A data breach suffered by the Canadian postal service, Canada Post, has exposed the information of 44 big businesses and impacted 950,000 customers.
The postal agency notified its customers operating large businesses that data was compromised following a malware attack on one of its dedicated suppliers.
Third-party breach leads to massive data leak
A recent notification from the postal service confirmed that the supplier of its interchange solution for electronic data, Commport Communications, had been hit by a malware attack. The manifest data associated with customers of Canada Post retained on the supplier’s systems was compromised in the incident.
The shipping manifest information of Canada Post’s large business customers is managed by Commport Communications. The postal agency commented on its agreement with the third-party supplier in a recent press release:
“Shipping manifests are used to fulfil customer orders. They typically include sender and receiver contact information that you would find on shipping labels, such as the names and addresses of the business sending the item and the customer receiving it.”
However, Canada Post added that following a comprehensive forensic investigation into the malicious attack, no evidence has been found to suggest that any financial data was disclosed.
An in-depth investigation of a cyberattack
Like many other enterprises and organisations that suffer data breaches, Canada Post initiated an investigation. The purpose of forensic examinations of cyberattacks are manifold; they seek to identify the full extent of the damage caused to enterprises and data subjects, along with any potential risks that may emerge in the future. They also aim to discover how breaches occurred to mitigate the chance of them happening again and, if possible, identify the perpetrators behind attacks.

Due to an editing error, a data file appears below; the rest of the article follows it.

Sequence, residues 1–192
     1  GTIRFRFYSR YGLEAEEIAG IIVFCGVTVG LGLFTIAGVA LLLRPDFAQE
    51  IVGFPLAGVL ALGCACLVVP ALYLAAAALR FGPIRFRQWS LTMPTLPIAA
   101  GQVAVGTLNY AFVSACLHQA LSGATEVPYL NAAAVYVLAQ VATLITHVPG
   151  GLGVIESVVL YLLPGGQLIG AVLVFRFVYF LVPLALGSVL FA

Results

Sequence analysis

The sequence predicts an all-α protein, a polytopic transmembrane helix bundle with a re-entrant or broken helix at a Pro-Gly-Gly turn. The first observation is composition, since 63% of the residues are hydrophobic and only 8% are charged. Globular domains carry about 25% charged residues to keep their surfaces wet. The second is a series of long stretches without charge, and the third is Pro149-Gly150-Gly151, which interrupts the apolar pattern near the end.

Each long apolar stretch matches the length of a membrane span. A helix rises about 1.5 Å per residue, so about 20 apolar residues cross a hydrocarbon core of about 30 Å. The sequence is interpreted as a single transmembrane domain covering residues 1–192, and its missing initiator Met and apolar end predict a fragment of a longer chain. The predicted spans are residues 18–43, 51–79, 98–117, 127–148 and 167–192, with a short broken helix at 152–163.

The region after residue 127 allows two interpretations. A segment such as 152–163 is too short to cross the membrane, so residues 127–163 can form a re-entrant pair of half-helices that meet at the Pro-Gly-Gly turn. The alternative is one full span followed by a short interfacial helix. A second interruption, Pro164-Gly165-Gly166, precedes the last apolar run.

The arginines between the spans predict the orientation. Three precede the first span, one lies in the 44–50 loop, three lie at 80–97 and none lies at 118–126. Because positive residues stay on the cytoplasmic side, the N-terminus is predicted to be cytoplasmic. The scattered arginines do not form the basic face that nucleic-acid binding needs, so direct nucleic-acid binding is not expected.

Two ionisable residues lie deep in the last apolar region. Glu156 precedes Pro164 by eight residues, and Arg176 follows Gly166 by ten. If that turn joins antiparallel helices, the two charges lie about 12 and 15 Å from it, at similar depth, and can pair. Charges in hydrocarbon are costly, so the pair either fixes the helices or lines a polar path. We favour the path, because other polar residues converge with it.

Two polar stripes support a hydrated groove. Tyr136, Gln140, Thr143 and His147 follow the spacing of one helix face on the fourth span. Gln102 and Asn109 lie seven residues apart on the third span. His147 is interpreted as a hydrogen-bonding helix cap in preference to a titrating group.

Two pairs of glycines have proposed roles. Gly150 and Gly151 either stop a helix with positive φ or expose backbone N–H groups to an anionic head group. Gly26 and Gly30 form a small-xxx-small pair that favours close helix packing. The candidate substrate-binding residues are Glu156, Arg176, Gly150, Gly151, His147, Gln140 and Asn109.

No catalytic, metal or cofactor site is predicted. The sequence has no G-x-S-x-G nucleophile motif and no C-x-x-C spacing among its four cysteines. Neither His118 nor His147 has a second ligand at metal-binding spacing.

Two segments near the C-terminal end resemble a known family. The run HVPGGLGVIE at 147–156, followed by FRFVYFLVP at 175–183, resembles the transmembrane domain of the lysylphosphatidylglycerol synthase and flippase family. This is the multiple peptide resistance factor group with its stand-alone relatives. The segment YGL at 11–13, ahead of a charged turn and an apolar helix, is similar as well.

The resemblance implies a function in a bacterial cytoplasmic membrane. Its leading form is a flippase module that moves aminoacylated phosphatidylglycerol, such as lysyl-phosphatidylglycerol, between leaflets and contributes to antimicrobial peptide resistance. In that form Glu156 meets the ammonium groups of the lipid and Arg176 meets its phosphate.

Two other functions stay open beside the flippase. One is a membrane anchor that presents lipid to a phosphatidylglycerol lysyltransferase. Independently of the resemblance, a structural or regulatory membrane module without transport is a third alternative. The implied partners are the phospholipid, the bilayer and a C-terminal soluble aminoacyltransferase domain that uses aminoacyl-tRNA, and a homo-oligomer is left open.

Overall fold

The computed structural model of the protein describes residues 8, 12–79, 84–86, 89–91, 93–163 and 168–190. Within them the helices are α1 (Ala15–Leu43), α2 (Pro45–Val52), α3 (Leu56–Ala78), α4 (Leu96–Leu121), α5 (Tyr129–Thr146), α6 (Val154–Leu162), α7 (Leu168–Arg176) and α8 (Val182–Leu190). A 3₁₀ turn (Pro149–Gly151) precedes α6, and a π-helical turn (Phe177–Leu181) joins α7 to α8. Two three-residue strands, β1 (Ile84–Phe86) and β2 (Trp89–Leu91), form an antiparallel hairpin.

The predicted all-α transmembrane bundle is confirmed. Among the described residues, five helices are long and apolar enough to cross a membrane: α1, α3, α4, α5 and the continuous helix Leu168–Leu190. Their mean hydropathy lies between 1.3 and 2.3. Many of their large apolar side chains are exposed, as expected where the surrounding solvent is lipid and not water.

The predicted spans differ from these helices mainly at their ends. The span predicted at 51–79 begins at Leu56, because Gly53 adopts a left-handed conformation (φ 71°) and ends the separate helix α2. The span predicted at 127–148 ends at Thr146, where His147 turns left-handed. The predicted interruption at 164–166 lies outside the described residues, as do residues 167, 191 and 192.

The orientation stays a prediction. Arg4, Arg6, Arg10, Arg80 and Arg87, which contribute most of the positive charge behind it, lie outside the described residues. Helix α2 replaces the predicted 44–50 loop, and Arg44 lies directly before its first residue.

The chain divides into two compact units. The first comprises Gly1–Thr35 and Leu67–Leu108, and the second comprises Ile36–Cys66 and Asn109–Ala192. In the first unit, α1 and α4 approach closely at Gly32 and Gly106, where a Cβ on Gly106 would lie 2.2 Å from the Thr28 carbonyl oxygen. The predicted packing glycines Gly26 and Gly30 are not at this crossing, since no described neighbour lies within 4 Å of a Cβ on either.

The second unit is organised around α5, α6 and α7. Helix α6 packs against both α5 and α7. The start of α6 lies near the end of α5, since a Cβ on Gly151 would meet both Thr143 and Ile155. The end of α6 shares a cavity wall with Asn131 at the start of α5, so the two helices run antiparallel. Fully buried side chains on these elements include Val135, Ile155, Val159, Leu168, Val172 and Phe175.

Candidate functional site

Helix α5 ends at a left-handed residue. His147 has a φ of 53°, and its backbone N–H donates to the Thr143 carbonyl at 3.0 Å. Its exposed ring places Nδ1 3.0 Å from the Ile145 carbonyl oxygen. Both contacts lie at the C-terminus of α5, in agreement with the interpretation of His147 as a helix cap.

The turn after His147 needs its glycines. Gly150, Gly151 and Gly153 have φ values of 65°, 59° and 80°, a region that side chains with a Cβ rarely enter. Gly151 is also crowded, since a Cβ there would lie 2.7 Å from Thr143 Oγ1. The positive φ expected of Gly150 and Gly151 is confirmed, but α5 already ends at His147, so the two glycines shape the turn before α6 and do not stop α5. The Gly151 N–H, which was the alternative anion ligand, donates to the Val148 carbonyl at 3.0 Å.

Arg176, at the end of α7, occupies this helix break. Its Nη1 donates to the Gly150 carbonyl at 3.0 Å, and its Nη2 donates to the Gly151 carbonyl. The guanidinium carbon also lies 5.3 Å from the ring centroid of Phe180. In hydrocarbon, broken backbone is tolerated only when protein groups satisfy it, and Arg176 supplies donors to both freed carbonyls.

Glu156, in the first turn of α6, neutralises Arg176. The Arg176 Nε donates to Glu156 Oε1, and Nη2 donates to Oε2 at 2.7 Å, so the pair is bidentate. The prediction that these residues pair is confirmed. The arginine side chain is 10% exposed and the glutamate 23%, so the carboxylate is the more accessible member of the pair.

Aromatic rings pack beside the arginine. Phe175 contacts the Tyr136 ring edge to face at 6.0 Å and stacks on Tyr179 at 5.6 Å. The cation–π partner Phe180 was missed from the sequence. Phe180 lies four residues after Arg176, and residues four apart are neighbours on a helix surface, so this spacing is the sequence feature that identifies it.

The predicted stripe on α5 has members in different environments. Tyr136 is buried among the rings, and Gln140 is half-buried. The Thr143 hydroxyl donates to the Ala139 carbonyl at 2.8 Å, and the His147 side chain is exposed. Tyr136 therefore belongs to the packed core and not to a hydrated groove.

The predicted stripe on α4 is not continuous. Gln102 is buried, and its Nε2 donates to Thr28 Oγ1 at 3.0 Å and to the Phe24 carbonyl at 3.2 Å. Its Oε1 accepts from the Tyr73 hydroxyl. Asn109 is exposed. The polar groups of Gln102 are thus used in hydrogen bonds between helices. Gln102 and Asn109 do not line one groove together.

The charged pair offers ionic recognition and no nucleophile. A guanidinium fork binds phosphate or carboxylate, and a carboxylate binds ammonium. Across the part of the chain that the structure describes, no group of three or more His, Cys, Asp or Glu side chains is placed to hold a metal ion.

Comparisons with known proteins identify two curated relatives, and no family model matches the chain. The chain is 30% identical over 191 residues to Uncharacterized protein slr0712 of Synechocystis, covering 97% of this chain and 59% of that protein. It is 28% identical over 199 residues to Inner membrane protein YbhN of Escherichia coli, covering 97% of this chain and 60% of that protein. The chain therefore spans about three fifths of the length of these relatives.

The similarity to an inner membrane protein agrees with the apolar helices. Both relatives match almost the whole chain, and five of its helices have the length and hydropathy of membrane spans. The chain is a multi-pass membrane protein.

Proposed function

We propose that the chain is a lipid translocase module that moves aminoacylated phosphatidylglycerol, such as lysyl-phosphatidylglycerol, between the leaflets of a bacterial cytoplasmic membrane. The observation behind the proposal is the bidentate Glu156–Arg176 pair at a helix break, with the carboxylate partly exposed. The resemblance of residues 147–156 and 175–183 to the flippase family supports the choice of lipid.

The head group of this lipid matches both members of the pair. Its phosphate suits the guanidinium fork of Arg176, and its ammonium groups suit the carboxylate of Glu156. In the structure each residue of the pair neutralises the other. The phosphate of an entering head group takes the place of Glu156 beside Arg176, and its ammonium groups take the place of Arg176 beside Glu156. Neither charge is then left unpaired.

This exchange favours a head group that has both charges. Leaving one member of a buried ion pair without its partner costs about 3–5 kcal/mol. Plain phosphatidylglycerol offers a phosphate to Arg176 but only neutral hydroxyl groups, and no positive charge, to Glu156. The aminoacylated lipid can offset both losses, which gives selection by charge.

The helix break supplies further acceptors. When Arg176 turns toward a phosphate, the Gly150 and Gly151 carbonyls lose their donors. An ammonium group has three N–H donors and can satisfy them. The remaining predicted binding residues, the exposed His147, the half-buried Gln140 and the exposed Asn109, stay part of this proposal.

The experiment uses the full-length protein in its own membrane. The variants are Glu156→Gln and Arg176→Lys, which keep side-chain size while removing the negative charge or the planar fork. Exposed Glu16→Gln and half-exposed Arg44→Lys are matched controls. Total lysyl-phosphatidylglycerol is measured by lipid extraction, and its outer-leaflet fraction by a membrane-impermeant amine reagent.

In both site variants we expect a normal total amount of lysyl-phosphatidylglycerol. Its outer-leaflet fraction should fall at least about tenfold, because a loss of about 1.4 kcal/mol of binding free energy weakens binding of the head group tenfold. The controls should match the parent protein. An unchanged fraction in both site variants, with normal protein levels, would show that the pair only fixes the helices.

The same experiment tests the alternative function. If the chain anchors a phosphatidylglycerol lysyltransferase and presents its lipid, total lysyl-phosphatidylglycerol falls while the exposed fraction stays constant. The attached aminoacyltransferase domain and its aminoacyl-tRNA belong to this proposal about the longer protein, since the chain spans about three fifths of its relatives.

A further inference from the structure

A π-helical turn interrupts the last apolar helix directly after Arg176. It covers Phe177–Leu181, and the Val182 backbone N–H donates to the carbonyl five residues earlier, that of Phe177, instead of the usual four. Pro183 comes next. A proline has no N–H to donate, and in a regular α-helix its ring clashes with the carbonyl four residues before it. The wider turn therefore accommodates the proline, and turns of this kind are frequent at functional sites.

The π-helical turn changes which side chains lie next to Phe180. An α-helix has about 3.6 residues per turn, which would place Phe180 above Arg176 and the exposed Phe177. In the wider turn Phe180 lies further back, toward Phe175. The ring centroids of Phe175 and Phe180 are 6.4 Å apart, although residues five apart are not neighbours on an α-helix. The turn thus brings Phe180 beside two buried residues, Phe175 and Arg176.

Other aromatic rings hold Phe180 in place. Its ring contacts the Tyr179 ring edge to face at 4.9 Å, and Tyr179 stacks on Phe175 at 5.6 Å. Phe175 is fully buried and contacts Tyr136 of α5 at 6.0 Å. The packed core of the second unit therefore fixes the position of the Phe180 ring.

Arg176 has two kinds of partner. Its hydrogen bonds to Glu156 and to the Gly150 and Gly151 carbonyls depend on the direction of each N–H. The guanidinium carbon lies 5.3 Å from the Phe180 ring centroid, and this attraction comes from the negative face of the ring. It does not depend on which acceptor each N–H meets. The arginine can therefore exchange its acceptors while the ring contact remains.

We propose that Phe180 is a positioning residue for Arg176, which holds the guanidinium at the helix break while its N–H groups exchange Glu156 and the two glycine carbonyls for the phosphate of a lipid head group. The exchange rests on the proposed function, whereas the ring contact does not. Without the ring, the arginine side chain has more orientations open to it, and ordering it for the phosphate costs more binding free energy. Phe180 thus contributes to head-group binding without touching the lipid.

It is typical in such cases for businesses impacted to work closely with all parties involved, local law enforcement agencies, and specialists in cybersecurity.
Canada post commented:
“We are now working closely with Commport Communications and have engaged external cyber security experts to fully investigate and take action.”
The detailed investigation into the disclosed manifests revealed a raft of information regarding the attack. The data exposed included records from 2016 to 2019 with all files containing a variety of personally identifiable information (PII) on receiving customers, including names, addresses, email addresses and telephone numbers.
Canada Post stated that in November last year, Commport Communications had notified the postal service’s IT subsidiary, Innovapost, of a possible ransomware issue. However, after investigation, no evidence was uncovered suggesting that customer data had been disclosed.
Legislation in many countries around the world demands that agencies, organisations, and enterprises notify both the data subjects impacted by breaches and data regulators when an incident occurs. Canada Post followed the correct procedure and informed the Office of the Privacy Commissioner while taking a proactive approach to informing business customers affected by the breach and supplying them with support and detailed information.
The agency has stated it will use the incident and investigation to inform and enhance its cybersecurity approach, expanding it to include its suppliers and combat what is becoming an increasingly more sophisticated threat.